There were two intramural sports programs on Lockport's West End growing up.
One was the generous one provided each summer at City of Lockport parks — consisting mainly of a highly-competitive boys and girls softball league.
Most Lockportians who've been here awhile can remember either playing on a summer parks team or watching a game. Summer parks games drew hundreds, especially the rivalry games — which was pretty much every game. Teams from Dolan, Kibler, Dudley Square, Willow, Outwater, Rogers and my beloved Grossi Park were made up of players who lived in the neighborhood closest to it, making each contest a personal one.
But that's another story for another time.
Because the other free program each summer came in the form of one unforgettable, Batman-loving, freckle-faced, redheaded teenager we all loved named Matt Bishop. Matt would put together daily sporting contests, mostly baseball and street hockey pick-up games, using only a phone, three baseball mitts, a half dozen baseball bats, a baseball, three or four hockey sticks, three hockey balls, one good hockey net, one set of genuine goalie pads and a reliable little brother, Tommy.
Matt stood out as that one kid in the neighborhood who was the best at putting together a good pick-up game. He'd get on the house telephone — yeah kids, those old phones, the only ones we had, one per family, with a three-inch chord and rotary dials — with his booming radio voice and announce a place and time for a baseball or street hockey game. Within minutes there'd be dozens of little rug-rats playing baseball in the back (window-less side) of Charlotte Cross, trying to slug a genuine home run over the left field fence in back of St. Anthony's Church.
Tommy, Matt and my brother, Joey, and I were almost always a “yes” for baseball games. Joe and I lived adjacent to Cross, but the usual suspects of players varied daily and included guys who also lived just around the corner, like the Main brothers, Tim, Tom, Tracy, Ted and Todd, Jeff Jones, Kenny and Scott Dunkelburger, Dave and Cliff Rising, Mike “Spike” Florio, Tommy Weinheimer, Danny and Jimmy Cuillo, Kevin Hilliker, Johnny Tolli, Tim “Werty” Wertman, Chuck, Johnny and Butch States, Eddie and Timmy Conners and Timmy Korff.
Then there were the countless number of street hockey games behind Cross and at the Credit Union parking lot near Stevens Street that Matt organized, some of which went from morning to dusk.
Matt was quite the goalie and I always got a kick out of the way he leaned on his goalie stick when the hockey ball was away. He did it just the way Kenny Dryden used to do it for the Montreal Canadiens, casually, with one hand holding the stick upright in front of him and his other forearm resting over the top of the stick. At times, arguably, Matt not only looked like Dryden, but he could play like him.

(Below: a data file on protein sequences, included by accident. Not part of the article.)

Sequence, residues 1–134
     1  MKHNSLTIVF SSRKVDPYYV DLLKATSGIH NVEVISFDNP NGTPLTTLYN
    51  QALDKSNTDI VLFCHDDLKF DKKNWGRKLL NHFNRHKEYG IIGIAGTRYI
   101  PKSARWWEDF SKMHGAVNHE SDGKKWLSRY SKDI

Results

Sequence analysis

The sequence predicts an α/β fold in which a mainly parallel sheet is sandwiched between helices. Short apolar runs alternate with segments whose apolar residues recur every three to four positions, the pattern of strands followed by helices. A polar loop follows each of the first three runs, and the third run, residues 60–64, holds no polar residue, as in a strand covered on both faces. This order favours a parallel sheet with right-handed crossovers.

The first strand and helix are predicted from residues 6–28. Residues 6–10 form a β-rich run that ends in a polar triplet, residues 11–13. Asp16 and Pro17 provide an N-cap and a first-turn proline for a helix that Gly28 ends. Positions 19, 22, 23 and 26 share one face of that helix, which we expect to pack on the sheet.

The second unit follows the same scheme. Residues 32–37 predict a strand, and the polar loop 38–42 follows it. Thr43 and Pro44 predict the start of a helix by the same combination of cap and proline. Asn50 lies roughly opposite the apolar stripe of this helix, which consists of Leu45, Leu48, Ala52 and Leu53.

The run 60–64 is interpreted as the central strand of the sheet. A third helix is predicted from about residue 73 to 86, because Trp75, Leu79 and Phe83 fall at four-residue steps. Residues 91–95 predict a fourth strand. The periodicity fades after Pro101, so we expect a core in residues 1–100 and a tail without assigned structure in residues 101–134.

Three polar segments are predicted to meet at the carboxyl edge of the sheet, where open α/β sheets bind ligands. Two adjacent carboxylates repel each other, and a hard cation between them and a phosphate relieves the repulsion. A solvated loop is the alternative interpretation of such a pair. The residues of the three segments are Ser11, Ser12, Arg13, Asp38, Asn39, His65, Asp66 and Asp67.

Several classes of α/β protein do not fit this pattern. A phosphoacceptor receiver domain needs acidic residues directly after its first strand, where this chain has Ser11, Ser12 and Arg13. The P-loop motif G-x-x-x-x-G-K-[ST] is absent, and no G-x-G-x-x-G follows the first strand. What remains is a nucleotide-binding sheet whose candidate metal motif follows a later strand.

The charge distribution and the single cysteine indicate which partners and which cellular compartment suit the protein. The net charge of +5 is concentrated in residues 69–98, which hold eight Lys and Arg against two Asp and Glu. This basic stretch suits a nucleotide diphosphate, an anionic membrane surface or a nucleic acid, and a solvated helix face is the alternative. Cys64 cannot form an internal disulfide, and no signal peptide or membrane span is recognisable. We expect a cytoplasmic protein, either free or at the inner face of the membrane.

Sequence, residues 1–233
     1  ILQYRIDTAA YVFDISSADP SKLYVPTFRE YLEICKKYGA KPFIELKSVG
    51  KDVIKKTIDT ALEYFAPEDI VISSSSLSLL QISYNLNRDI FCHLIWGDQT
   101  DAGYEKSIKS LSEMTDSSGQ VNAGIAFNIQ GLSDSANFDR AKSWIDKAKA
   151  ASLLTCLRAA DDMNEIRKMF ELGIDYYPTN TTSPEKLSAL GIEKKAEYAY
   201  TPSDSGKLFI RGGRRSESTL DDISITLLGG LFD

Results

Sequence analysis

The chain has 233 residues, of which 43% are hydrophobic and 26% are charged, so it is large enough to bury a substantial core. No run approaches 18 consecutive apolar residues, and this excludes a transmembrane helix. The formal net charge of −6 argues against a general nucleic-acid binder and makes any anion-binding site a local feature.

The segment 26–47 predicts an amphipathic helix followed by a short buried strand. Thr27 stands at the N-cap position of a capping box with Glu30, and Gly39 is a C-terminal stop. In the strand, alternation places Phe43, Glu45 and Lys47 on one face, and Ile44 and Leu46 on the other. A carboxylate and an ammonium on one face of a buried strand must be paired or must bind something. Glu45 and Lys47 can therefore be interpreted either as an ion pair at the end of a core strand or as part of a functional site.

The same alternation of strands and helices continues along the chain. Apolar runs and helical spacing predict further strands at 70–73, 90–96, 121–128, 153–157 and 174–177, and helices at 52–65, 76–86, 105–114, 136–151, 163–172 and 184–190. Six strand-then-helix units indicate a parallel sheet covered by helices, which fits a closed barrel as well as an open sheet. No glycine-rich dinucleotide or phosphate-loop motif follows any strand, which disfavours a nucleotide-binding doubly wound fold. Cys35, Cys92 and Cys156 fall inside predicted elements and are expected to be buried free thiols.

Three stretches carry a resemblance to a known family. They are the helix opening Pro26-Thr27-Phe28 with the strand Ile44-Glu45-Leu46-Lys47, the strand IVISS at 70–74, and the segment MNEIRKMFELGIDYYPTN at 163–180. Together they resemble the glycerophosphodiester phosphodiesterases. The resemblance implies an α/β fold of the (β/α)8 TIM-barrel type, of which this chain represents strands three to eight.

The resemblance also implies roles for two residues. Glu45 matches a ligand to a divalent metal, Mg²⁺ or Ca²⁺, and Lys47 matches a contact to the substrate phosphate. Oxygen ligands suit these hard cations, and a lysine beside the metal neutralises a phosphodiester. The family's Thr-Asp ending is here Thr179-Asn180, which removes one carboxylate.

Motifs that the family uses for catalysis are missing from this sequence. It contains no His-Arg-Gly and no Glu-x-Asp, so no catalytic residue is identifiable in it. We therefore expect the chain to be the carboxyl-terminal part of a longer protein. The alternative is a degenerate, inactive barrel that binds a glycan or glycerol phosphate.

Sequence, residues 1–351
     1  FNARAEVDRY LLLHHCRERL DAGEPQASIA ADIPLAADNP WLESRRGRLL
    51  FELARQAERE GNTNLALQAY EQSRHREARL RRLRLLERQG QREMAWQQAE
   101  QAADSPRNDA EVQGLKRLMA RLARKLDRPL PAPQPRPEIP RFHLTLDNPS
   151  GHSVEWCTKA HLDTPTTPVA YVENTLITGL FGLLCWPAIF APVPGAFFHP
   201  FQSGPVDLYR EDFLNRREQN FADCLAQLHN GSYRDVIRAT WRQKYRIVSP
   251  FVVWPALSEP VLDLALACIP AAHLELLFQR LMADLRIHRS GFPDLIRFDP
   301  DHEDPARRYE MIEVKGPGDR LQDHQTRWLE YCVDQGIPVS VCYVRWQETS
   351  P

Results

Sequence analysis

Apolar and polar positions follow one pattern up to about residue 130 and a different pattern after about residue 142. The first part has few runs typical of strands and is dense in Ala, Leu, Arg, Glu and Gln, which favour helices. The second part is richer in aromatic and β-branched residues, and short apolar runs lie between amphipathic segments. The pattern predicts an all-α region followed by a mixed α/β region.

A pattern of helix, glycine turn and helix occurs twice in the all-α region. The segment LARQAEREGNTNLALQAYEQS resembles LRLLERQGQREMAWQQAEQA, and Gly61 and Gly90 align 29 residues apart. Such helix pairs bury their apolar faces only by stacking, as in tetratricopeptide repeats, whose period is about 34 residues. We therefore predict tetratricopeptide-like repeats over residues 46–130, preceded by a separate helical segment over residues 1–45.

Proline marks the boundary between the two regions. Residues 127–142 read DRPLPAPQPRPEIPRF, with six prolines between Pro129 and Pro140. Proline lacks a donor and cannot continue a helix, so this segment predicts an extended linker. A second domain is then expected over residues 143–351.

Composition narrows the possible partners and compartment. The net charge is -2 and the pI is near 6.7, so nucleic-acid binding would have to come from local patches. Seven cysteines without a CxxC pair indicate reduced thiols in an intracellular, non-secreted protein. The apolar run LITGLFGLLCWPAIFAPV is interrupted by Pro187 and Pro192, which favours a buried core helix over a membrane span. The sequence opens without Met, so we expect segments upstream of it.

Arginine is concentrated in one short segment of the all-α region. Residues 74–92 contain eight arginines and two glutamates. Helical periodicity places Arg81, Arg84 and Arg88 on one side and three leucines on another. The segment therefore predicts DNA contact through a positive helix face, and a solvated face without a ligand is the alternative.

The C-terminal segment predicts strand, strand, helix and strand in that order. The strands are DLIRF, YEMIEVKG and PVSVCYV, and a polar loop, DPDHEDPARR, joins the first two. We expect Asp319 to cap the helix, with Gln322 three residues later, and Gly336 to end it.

I wish I could show you all the highlights, but I-phones were still another generation away. You showed up with a hockey stick and hoped someone besides Matt brought a second net. If your stick broke, you either borrowed a stick from Matt or someone who was sitting waiting to play or you went home and asked your dad if he could buy you a new one. Matt shared all the equipment he had, but most games everyone shared whatever they had as well.
A baseball game at Cross could end abruptly if someone socked a homer and hit the ball on top of the school, but the custodian, Mr. Smith, would occasionally go up on the the roof and throw down all the baseballs he could find.
Matt always said that a good start to any baseball game at Charlotte Cross began with the Main brothers, because of the numbers they brought. If those five guys were available to play, there was a game for sure.
We played a lot of games over many years, thanks mainly to Matt, who went on to a successful radio career at WJJL in Niagara Falls and retired a few years ago as a decorated 9-1-1 police dispatcher in Syracuse.
It was also no surprise to any of Matt's old friends to hear of his son, Matt Bishop, being recently hired by ESPN (Matt Jr.'s yet another person with Lockport ties to be hired by ESPN. Christy Nemi Sousa, the daughter of Dave and Anna Nemi of Lockport, has been a producer at ESPN since 2003 and she's now living in Hartford with her husband and two children).
Matt loved sports, was creative, knew how to organize, was a natural leader and made the most out of every single toy or piece of sports equipment he ever bought or received as a gift.
Matt's “stuff” never laid around the house, whether it was his cool action figures, Batman collection or a simple baseball glove. Matt's things never languished on the back porch of the old Bishop homestead on South Bristol Street, collecting dust.
Nope, Matt put everything he had around him to good use and when it was all said and done and he moved on to Syracuse with his wife, Barbara, to raise a family, he left a good part of his heart and soul on those nameless parking lots where we once played.
We all deserve a Matt Bishop growing up in our neighborhood.
I was one of the lucky ones.
Follow veteran US&J sports reporter/editor John D'Onofrio on Twitter at @JohnD'ONofrio7.